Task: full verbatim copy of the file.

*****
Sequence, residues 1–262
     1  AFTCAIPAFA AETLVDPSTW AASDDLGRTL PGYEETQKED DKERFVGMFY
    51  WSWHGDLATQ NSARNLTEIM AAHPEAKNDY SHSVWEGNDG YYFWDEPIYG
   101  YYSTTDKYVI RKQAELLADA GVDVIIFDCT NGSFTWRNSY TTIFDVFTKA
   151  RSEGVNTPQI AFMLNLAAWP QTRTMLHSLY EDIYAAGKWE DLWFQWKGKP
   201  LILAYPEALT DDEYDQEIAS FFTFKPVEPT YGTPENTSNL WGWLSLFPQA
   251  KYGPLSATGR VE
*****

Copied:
Sequence, residues 1–262
     1  AFTCAIPAFA AETLVDPSTW AASDDLGRTL PGYEETQKED DKERFVGMFY
    51  WSWHGDLATQ NSARNLTEIM AAHPEAKNDY SHSVWEGNDG YYFWDEPIYG
   101  YYSTTDKYVI RKQAELLADA GVDVIIFDCT NGSFTWRNSY TTIFDVFTKA
   151  RSEGVNTPQI AFMLNLAAWP QTRTMLHSLY EDIYAAGKWE DLWFQWKGKP
   201  LILAYPEALT DDEYDQEIAS FFTFKPVEPT YGTPENTSNL WGWLSLFPQA
   251  KYGPLSATGR VE